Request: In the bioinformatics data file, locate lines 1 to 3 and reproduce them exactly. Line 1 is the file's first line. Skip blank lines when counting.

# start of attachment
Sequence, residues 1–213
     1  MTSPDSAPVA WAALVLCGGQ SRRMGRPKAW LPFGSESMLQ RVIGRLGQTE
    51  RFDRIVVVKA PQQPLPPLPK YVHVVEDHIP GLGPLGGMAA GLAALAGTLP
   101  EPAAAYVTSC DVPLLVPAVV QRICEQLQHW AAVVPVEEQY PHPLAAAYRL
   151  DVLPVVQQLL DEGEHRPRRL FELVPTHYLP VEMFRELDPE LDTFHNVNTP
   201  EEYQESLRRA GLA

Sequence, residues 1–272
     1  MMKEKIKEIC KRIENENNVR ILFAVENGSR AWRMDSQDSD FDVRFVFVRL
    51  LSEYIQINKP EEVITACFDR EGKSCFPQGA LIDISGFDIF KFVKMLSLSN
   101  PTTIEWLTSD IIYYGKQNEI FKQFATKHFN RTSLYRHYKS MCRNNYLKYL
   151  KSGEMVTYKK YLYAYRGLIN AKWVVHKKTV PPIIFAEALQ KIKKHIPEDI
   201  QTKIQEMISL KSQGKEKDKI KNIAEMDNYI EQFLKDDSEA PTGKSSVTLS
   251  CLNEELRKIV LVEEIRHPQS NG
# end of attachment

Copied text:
Sequence, residues 1–213
     1  MTSPDSAPVA WAALVLCGGQ SRRMGRPKAW LPFGSESMLQ RVIGRLGQTE
    51  RFDRIVVVKA PQQPLPPLPK YVHVVEDHIP GLGPLGGMAA GLAALAGTLP